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Israel Gaza war: More Rafah evacuations as Israel steps up operations

  • Author, Rob Corp.
  • Role, BBC News

Israel has asked tens of thousands more Palestinians to leave Rafah as it steps up military operations in southern Gaza.

Air leaflets and social media posts urged residents of the city’s eastern neighborhoods to travel to al-Mawasi – a narrow coastal area that Israel calls an “extended humanitarian zone”.

Parts of Rafah, where the streets were filled with residents and displaced people only a few days ago, now resemble a ghost town.

Israel said it would continue planned operations in Rafah despite warnings from the United States and other allies that a ground offensive could lead to widespread civilian casualties and a humanitarian crisis.

On Saturday, US President Joe Biden said a ceasefire in Gaza was possible the next day if Hamas released its hostages.

“Israel said it was up to Hamas, if they wanted to do it, we could end it tomorrow. And the ceasefire would start tomorrow,” he said at an event in fundraiser in Seattle.

Israel says 128 people taken hostage by Hamas on October 7 are missing, 36 of whom are presumed dead.

Images showed smoke rising above Rafah on Saturday and witnesses cited by AFP reported airstrikes near the crossing with Egypt.

On X, formerly Twitter, the Israel Defense Forces (IDF) said that over the past day its troops had been engaged in “face-to-face combat” with Hamas fighters in Rafah.

The Israeli military added that soldiers discovered “a number of underground wells” in the area.

Over the past day, dozens of Israeli airstrikes have taken place across the Gaza Strip, with the Israeli military saying it was targeting what it calls terrorists and terrorist infrastructure.

On Saturday evening, the Israeli army said it was “currently striking Hamas terrorist targets in the Jabaliya area” in the far north of the Gaza Strip.

Previously, he had asked residents to leave certain areas of northern Gaza. He said they should “temporarily evacuate to shelters in western Gaza City.”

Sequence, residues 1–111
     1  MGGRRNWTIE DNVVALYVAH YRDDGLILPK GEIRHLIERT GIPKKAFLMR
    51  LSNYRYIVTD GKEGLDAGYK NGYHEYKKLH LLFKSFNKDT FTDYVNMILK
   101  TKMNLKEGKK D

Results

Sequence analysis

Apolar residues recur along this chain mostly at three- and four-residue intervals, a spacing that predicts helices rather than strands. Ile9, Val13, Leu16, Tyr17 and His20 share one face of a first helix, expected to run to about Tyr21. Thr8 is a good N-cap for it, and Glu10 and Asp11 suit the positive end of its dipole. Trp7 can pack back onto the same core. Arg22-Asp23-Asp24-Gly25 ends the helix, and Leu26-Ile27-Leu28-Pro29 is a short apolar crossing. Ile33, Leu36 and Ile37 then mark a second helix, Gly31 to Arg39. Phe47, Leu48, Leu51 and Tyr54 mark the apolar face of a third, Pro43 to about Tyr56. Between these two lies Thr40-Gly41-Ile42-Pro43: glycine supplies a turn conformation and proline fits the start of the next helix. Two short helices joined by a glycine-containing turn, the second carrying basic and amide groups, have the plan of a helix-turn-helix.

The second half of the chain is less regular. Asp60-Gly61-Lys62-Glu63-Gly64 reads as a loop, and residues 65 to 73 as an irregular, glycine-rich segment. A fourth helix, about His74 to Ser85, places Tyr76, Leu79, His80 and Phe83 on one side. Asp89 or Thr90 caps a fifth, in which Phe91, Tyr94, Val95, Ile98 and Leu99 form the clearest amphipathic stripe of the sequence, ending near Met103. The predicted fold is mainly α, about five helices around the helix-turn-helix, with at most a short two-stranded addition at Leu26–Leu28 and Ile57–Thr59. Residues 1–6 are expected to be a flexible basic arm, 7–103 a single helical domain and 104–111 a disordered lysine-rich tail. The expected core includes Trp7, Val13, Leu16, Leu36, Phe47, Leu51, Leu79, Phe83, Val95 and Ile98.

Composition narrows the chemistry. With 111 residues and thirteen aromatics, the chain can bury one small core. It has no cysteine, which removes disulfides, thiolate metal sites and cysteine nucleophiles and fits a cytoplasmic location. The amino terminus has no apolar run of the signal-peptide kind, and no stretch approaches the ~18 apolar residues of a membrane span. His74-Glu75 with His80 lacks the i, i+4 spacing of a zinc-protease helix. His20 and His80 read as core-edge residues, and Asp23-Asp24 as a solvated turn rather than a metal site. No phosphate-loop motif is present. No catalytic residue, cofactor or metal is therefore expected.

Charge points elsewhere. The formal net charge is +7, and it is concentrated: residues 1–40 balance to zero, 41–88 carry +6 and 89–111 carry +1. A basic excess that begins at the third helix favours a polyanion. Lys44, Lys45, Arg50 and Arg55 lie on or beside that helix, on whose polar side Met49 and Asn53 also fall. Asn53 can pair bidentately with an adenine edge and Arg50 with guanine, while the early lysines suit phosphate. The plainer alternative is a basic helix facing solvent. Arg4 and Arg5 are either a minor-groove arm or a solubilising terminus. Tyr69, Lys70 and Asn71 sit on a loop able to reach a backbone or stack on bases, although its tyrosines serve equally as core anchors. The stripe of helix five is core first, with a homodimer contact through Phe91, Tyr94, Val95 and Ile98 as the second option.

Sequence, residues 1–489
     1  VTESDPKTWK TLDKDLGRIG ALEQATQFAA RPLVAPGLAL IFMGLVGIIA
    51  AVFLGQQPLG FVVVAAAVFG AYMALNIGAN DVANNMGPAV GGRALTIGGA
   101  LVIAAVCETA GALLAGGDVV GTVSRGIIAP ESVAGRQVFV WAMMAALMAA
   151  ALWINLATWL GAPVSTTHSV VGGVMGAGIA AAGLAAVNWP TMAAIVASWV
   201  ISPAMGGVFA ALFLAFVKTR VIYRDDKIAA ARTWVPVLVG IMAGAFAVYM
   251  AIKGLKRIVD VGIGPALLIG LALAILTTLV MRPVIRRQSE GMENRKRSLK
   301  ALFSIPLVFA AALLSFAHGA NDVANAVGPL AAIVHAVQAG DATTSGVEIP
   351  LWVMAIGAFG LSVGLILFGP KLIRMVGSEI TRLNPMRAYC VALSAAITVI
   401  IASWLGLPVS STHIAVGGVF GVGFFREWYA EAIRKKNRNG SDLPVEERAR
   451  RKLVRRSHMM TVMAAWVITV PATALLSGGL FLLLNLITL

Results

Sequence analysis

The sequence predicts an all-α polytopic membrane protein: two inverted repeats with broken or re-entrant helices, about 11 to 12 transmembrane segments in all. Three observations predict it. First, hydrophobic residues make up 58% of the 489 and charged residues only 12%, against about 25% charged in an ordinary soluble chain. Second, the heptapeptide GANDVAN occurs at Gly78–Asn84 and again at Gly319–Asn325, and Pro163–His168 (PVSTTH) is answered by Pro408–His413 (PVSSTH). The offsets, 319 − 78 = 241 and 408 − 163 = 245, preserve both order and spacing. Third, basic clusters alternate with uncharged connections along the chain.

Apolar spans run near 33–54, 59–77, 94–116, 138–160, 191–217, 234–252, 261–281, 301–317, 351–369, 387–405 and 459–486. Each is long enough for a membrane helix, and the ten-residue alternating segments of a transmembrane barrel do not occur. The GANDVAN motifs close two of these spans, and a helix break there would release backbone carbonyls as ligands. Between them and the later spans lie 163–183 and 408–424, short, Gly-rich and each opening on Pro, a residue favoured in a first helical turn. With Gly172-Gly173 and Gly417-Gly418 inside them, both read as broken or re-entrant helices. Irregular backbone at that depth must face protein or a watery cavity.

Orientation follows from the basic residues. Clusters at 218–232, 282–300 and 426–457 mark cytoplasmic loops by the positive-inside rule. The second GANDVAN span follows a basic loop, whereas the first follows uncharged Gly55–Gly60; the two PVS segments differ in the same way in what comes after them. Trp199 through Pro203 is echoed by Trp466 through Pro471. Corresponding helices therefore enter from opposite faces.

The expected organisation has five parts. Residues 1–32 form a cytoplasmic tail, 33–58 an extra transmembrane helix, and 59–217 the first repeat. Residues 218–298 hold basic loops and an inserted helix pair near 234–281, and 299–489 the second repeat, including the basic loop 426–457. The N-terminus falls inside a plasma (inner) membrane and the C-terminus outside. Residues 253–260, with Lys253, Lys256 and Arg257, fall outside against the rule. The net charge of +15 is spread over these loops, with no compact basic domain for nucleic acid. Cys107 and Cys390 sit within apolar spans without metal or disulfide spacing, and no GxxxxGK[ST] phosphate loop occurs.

Israeli media report that several Hamas rockets were fired overnight at Ashkelon, a port city about 10 km north of the border with Gaza. The Times of Israel says three people were lightly injured when a rocket hit their home.

Israel’s plans to expand its ground offensive to the southern tip of the Gaza Strip – where hundreds of thousands of Palestinians have sought refuge from fighting elsewhere in the territory – have sparked international concern.

Last week, President Biden said the United States would not provide Israel with heavy weapons that could be used in a major assault on Rafah.

In an interview with CNN, Biden said America would continue to provide Israel with the weapons it needs to defend itself, including interceptors for its “Iron Dome” air defense system.

But he said heavy weapons supplied by the United States had already killed civilians in Gaza and warned that Israel would not retain Washington’s support if it carried out military operations in those population centers.

British Foreign Secretary David Cameron said Britain was opposed to the Rafah military operation but was unlikely to follow America in delaying its arms sales to Israel .

On Friday, Israeli Prime Minister Benjamin Netanyahu said he hoped to overcome his differences with Mr Biden – but vowed to continue his military attack on Rafah.